Emerging Technologies in Higher Education: A guide for HE practitioners

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Presentation at Heltasa 2013

Text of Emerging Technologies in Higher Education: A guide for HE practitioners

  • 1.Structure of presentation 1. Introduction / emerging technologies and changing T&L practices in HE 2. NRF project Emerging ICTs in HE main findings 3. Emerging Technologies in HE guide 4. Three Case Studies 5. Authentic learning for ET 6. Key points for effective practice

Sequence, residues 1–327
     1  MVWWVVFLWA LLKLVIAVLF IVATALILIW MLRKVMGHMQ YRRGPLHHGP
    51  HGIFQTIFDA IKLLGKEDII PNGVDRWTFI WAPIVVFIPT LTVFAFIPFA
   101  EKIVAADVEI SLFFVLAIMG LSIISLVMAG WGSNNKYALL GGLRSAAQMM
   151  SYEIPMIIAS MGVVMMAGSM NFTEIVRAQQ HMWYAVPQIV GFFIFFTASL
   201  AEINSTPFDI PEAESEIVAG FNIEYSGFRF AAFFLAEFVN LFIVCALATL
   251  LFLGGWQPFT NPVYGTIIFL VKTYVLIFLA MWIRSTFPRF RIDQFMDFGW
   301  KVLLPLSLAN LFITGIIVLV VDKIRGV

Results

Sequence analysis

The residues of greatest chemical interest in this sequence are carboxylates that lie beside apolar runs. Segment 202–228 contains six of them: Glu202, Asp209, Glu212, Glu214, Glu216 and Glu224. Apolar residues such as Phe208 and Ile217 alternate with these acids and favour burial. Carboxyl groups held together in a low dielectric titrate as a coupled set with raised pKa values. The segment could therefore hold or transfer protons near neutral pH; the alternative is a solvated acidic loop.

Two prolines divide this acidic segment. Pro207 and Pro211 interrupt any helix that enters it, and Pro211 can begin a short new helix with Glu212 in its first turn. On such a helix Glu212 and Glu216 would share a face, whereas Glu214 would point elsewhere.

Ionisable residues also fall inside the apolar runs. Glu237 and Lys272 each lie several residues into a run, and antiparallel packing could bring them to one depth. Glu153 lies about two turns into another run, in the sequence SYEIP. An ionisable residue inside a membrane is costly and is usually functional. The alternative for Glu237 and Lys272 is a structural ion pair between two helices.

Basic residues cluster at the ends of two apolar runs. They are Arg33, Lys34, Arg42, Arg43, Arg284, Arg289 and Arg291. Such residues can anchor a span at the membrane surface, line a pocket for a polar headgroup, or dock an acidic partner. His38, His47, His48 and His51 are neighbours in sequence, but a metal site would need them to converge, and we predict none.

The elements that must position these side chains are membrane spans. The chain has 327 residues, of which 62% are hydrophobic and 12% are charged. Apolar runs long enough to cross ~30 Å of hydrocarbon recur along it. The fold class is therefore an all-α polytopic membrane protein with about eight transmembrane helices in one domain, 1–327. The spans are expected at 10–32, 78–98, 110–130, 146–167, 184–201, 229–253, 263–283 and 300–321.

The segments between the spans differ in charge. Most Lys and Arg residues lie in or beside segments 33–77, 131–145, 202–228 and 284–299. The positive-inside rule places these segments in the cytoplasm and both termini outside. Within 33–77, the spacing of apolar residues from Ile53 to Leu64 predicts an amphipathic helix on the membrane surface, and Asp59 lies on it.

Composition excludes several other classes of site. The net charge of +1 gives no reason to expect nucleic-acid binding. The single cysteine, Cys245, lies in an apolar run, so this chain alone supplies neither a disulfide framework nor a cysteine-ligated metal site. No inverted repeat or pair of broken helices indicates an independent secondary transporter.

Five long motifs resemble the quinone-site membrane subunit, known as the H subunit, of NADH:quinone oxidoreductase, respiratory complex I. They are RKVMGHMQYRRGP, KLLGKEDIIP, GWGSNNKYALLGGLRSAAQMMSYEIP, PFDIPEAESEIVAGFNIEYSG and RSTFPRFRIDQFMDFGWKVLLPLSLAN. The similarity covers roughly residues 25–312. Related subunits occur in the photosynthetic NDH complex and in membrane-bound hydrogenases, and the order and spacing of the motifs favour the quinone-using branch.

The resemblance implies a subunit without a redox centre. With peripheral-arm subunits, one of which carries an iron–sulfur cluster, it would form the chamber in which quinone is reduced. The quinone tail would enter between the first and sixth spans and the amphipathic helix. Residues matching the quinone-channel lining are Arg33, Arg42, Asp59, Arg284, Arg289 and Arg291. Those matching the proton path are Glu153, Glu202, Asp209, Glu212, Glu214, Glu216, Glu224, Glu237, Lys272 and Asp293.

2. Emerging Technologies and Changing Teaching and Learning Practices 3. Current context 4. Johnson & Adams (2011:3) 5. schools, colleges and universities are attempting to teach knowledge and skills for jobs that no longer exist, and teachers are not fully involved in educational innovation and curriculum development. Open University Innovating Pedagogy (2012:7) 6. Although lecturers and students are seemingly embracing emerging technologies enthusiastically, it is taking longer for institutions and policy makers to adopt and implement them. Institutions and policy makers are not yet fully engaging with these technologies to understand the usefulness of these technologies and therefore administrative policies may slow down or halt adoption.COL 2008, 16 7. The promise of emerging technologies 8. Johnson, L., Adams Becker, S., Estrada, V., and Martn, S (2013). Technology Outlook for STEM+ Education 2013-2018: An NMC Horizon Project Sector Analysis. Austin, Texas: The New Media Consortium. 9. table on top trendstable on top trends 10. Although the use of emerging technologies is on the rise in Higher Education globally and locally, it is seldom used in a way that facilitates transformative teaching and learning. Ngambi, Bozalek & Gachago (in press) 11. Emerging pedagogies 12. Open University Innovating Pedagogy 2012 and 2013 report http://www.open.ac.uk/blogs/innovating/ 13. the innovations are not independent, but fit together into a new and disruptive form of education that transcends boundaries between formal and informal settings, institutional and selfdirected learning, and traditional education providers and commercial organisationsSharples et al (2012:6) 14. Emerging Technologies in South African Higher Education 15. ICTs in South African HE NRF project 16. How could qualitative outcomes in education be realised by using emerging technologies to transform teaching and learning interactions and paradigms across higher education institutions in South Africa? 17. Phase 1 of Project - Survey In what ways are emerging technologies used in innovative pedagogical practices to transform teaching and learning across South African HEIs? August Sept 2011Phase 1: Survey 18. Research questions 1. What are the technologies academics are using? 2. How are SA lecturers using these technologies? 3. Is the use of these technologies transforming teaching and learning practices? 4. Are they leading to qualitative outcomes for students? 19. Methodology 1. 2. 3. 4.Survey sent out in 2011 to all HEIs in South Africa App. 250 responses Closed and open ended questions Follow up interviews with 21 educators who provided rich evidence 5. Write up of case studies 20. Findings of project 21. What are emerging technologies? Veletsianos (2010) identified five characteristics: 1. They are not necessarily new; 2. They are evolving; 3. They go through hype cycles; 4. They are not yet fully understood and not yet maturely researched and 5. They have the (often unrealised) potential to disruptOur team concluded (Gachago et al., 2013) that: Veletsianos definition was able to take account of the contextual complexities in South Africa And identified two additional characteristics 6. They were used by passionate innovators and 7. They were empowering for students and lecturers 22. What emerging technologies are used? Research databases were the most common Social networking and communication tools, Open educational resources Tools for accessing and producing learning artefacts Tools for recording learning activities for later review and reflection Low uptake of bandwidth intensive technologies Many view the LMS as the most innovative technology that they have used 23. Emerging technologyRegularlyAt least onceNeverResearch databases61.5%13.0%24.0%Social media48.0%19.5%30.5%Social networking44.5%19.0%35.5%Instant messaging38.0%17.5%44.5%E-books37.5%28.5%33.0%Web-based documents36.5%25.5%35.5%Blogging34.5%22.5%39.0%Bibliographic management33.0%25.5%34.5%Internet phone32.5%20.0%47.0%Open educational resources31/0%29.0%38.5%Wikis27.5%26.5%43.5%Podcasting / vodcasting23.0%27.0%49.0%RSS feeds23.0%14.0%50.5%Multimedia / digital stories20.0%26.5%52.0% 24. RLOUse of emerging technologies in SA (n=262, 22 institutions) 25. Most innovative T&L practice with technologies 26. So what is emerging in Paris may be some years off emerging in ParysParys by vls.wikipedia.org (CC) 27. Why use emerging technologies? There are three reasons why people use emerging technologies: 1. 2. 3.Pedagogic concerns Pragmatism, to solve practical problems External pressures Obstacles: lack of knowledge or skills, and resources But lack of resources also drives adoption Who makes it happen? 1. 2.Individuals who are passionate about technology and teaching Adoption is not systemic or well supported by universities 28. Other: To improve learning 3% I experienced it as a student in my studies 4%I saw this at a I read about it in a conference paper 3% 3%Personal interest: I am passionate about technology 29%My students demanded this 5% My colleagues had positive results using this technology 8% My institution requires this of me 8%Incentive (funding, policy) 2%It is available at my institution 23% Institutional workshop / demonstration 10%Motivators for use 29. Students attitudes & skills 22% Lecturers attitudes and skills 25%Institution 53%Challenges 30. Emerging technologies make it possible to teach in new ways Emerging technologies can support authentic learning (Herrington, Reeves and Oliver, 2010) Exposing students to real-world contexts Tackling ill-defined problems that need be approached in multiple ways To provide coaching and scaffolding Less effective in providing opportunities for students to articulate their growing understanding authentic assessment 31. 1. Citizen journalism 2. Collaborative womens health programme 3. Digital storytelling in education 4. Adaptive management of resources / Biodiversity 5. Critical thinking in Physiotherapy 32. What can emerging technologies do? Emerging technologies can be used to: Collaboratively construct knowledge through interaction, feedback and reflection Collaboratively design teaching materials and plan curricula Allow a more personalised, flexible way of learning Change the role of students in learning and the powerrelationship between students and lecturers Increase access to social learning networks Facilitate both informal and formal learning Support diverse students needs Support students learning in a second or third language 33. Doing it right Emerging technologies do not necessarily lead to better learning outcomes May simply reinforce traditional ways of teaching One exemplary process: 1. identify a learning goal 2. Select an activity that results in an artefact 3. Have students present the outcome and record the presentation 4. Have students reflect publically on the goal, artefact and presentation, and 5. Research and write a reflective essay on the task Requires institutional engagement with innovators 34. Emerging themes 1. 2. 3. 4. 5.Context matters sometimes an LMS is still emerging Passionate educators / agency more transformative impact that institutional support We are learning differently focus on meaningful learning in authentic contexts Power to the learners & community! Connecting / Participating / Global citizenship 35. 11 case studies 7 institutions 16 educators 13 tools 1 guide 36. 1. 2.3.4.digital storytelling at CPUT role play in an online discussion discussion forum at Wits Towards sharing and reflection in Obstetrics at UCT digital academic identity makeover at SU 37. background challenges innovation benefits of emerging technologies key points for effective practice 38. CS1 Final year pre-service student teachers use of digital storytelling in diverse classrooms in South Africa Daniela Gachago, Eunice Ivala, Janet Condy, Agnes Chigona, Cape Peninsula University of Technology 39. My computer is the nucleus of my workspace When I need information I go online Besides IM or email my cell phone is my primary method of communication Im usually juggling five things at once My attention span is very small I want instant gratification I get bored very easily Oblinger 2008Challenge: new generation of students 40. Oblinger 41. Images 42. Replacement of teaching portfolio Development of digital story Reflection on journey to becoming a teacherInnovation 43. Digital stories 44. Everybody has a story to tellGive marginalised, silent people a voiceImage from Flickr by whateverything (CC) 45. Multimedia skillsIntroPhotostory/ iMovie/ MoviemakerNarrationPerformance Information literacy Research / brainstormingBackground sounds & MusicImagesVisual literacy Academic literacy, Planning & sequencingScriptingStoryboardingPlanning of DST projectsScreening 46. River of Life 47. River of Life 48. Everybody has their own story to tell. So digital story allows you to tell your specific story and share it amongst everybody in your classroom. So yes, if you get exposed to another persons culture, surely you will respect that culture eventually and you will learn about that person and you see that person with more respect and in a better light.Sharing your story 49. Development of variety of digital literacies Polished product Personal growth through reflection, sharing and listening to each others stories Development of class cohesion and team buildingBenefits 50. 1. What is digital literacy? Three components of digital literacy emerge from the literatureSocial awareness (understand your identity, collaborate, adapt communication to context/audience)Critica